It’s not enough to remember that Jesus died.  It’s crucial, mind you, but not enough.  Almost all reasonable historians agree that Jesus lived in Israel from 5 or 6 BC until 32 AD.  They further agree that Jesus died by crucifixion.  Christians especially remember Jesus’ death on “Good” Friday.  Why do we call it “good” Friday? Why was it “good” that Jesus died?  On the purely semantic level, wouldn’t Jesus’ enemies think it was “good” that he died?  Isn’t that what the corrupt leadership in the Sanhedrin wanted?  Isn’t that what Satan wanted?

You see, it’s not enough to remember that Jesus died.  We have to remember what Jesus was doing by his dying for it to be good.  An incomplete view of what Jesus did by dying robs his death of its goodness (read: greatness).  So what was Jesus doing when he died?  There are all kinds of answers to this question in the Bible.  Let’s consider just a few as we prepare for “Good” Friday:

1.  Jesus’ death was “for our sins.”  As Paul said in his summary of the gospel in 1 Corinthians 15:3, “Christ died for our sins in accordance with the Scriptures.”  In 2 Corinthians 5:21 Paul says, “For our sake he made him to be sin who knew no sin…”  Peter said in 1 Peter 2:24, “He himself bore our sins in his body on the tree…”  When Jesus was dying he was doing something about our sins.  Don’t limit this to the corporate sins of Western Culture, or the cumulative effect of all sin.  Jesus died for your sin.  Don’t miss that it’s personal.

2.  Jesus took upon himself our sins; he died as our representative.  In so doing, Jesus paid the penalty for our sins.  In Colossians 2:13-14 Paul describes how God makes sinners alive, “having forgiven us all our trespasses, by canceling the record of debt that stood against us with its legal demands. This he set aside, nailing it to the cross.”  Jesus’ death paid the debt of our sin owed to God.  

3.  Because Jesus died for our sins, as our representative, he secures our forgiveness, righteous standing before God, and eternal blessing.  In Hebrews 2:17 the author of Hebrews says that Jesus had to be like us “to make propitiation for the sins of the people.”  A propitiation is a means of mercy as a wrath-satisfying sacrifice.  Jesus himself said in Mark 10:45, “For even the Son of Man came not to be served but to serve, and to give his life as a ransom for many.”  He was the ransom paid for our forgiveness.  Again in 2 Corinthians 5:21 Paul said, “For our sake he made him to be sin who knew no sin, so that in him we might become the righteousness of God.”  Jesus’ death makes us holy by making payment for our sin and providing righteousness for us.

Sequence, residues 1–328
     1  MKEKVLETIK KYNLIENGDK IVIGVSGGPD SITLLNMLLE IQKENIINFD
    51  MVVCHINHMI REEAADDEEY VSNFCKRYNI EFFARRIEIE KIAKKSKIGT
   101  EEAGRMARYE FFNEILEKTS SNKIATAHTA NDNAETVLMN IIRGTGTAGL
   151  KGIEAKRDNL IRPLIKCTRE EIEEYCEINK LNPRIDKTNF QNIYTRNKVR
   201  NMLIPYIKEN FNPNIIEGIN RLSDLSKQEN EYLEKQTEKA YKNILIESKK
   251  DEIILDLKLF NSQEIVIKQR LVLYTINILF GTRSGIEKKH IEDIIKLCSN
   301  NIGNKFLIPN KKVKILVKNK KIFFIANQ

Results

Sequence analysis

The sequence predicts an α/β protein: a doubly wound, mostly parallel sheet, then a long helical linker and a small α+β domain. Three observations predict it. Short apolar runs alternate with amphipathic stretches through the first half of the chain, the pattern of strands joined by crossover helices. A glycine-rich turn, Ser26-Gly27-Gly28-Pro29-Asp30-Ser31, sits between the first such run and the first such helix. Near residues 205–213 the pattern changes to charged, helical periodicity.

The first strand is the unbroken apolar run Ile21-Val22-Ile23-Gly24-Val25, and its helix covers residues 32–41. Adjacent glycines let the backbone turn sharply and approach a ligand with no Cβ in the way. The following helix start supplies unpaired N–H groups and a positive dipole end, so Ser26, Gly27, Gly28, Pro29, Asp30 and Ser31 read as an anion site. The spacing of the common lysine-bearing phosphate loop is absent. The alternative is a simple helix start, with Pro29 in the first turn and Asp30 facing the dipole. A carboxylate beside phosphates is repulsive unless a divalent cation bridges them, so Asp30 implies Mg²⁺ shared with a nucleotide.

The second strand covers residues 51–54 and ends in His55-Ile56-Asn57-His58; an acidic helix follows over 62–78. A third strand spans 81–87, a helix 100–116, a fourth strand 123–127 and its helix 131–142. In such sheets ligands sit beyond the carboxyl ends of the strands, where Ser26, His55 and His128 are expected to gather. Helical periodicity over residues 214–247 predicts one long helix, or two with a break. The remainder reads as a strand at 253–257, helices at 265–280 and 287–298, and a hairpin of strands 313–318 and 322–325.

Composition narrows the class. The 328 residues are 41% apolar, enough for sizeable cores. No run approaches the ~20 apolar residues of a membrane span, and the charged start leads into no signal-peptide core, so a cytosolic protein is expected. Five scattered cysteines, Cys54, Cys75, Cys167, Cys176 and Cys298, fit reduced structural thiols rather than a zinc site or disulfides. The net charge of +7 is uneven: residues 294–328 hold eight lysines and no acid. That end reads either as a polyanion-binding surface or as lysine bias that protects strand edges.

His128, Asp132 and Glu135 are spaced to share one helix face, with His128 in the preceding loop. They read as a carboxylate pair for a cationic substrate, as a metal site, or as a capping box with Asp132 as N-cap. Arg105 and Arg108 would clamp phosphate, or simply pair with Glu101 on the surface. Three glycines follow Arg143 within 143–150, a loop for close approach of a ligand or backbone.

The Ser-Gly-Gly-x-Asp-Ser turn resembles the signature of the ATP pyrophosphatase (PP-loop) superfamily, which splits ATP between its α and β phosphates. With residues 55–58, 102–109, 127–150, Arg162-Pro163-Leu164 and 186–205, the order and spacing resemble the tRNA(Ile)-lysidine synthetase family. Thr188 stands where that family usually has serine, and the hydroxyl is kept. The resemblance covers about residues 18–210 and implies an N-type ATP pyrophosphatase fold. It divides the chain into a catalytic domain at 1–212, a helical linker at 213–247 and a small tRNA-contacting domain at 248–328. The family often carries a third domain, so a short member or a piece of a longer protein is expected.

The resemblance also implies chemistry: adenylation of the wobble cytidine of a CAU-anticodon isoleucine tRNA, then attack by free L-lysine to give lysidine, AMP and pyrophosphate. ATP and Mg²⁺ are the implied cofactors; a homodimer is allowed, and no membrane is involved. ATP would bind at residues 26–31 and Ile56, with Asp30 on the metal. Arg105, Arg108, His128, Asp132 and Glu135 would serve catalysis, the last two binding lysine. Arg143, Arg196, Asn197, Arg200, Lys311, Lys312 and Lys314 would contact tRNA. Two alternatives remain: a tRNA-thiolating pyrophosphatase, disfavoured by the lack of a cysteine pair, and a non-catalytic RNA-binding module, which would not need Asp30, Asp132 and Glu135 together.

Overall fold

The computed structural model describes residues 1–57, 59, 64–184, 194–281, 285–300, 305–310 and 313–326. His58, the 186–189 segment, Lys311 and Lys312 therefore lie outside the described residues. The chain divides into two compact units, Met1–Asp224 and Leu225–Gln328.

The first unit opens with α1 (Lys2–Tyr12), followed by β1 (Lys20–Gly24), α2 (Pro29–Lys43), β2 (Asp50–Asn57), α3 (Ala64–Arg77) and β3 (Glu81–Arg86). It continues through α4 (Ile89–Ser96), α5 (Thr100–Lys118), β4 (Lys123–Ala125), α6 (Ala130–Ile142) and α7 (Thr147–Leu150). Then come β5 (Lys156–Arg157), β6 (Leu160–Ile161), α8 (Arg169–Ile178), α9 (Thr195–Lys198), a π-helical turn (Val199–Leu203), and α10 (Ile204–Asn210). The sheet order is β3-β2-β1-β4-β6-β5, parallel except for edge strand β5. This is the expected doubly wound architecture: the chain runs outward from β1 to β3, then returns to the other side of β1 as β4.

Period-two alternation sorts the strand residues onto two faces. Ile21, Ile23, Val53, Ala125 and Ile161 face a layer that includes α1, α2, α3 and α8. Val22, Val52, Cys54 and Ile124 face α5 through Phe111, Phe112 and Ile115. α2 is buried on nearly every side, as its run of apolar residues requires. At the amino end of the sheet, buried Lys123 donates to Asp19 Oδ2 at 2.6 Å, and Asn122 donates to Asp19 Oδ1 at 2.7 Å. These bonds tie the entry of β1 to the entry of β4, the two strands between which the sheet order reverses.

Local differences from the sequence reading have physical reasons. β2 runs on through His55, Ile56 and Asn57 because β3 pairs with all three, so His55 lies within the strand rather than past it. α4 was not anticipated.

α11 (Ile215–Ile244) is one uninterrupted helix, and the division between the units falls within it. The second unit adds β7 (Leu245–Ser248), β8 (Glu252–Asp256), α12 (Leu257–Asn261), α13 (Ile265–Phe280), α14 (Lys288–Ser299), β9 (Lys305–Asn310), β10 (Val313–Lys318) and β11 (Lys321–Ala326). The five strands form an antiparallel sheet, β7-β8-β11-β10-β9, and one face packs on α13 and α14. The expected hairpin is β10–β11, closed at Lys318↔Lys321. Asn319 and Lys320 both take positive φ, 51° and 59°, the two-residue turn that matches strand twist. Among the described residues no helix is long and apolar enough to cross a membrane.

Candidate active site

4.  Jesus’ death brings us healing and peace.  Peter, as well, said in 1Peter 2:24, “He himself bore our sins in his body on the tree, that we might die to sin and live to righteousness. By his wounds you have been healed.”  Peter quotes here from Isaiah 53:5, “But he was pierced for our transgressions; he was crushed for our iniquities; upon him was the chastisement that brought us peace, and with his wounds we are healed.”  In Romans 5:1 Paul says, “Therefore, since we have been justified by faith, we have peace with God through our Lord Jesus Christ.”

5.  Jesus’ death displays God’s incredible love for us.  In Romans 5:8 Paul reminds us that “God shows his love for us in that while we were still sinners, Christ died for us.”  Paul says in Ephesians 2:4-5, “But God, being rich in mercy, because of the great love with which he loved us, even when we were dead in our trespasses, made us alive together with Christ…”  

Jesus’ death was the culmination of God’s rescue plan for sinners.  It was the completion and fulfillment of the sacrificial system established for Israel in the Old Testament.  He died as our substitute, so that our sins could be forgiven and so that we could be declared righteous in God’s sight.

Let’s be explicit about what Jesus was doing when he was dying.  Let’s talk about it as friends, family, and Christians.  This Friday many will remember that Jesus died.  Sadly, many will not remember what Jesus was doing when he was dying.  If we miss what Jesus was doing when he died, we take the “good” right out of “good” Friday.

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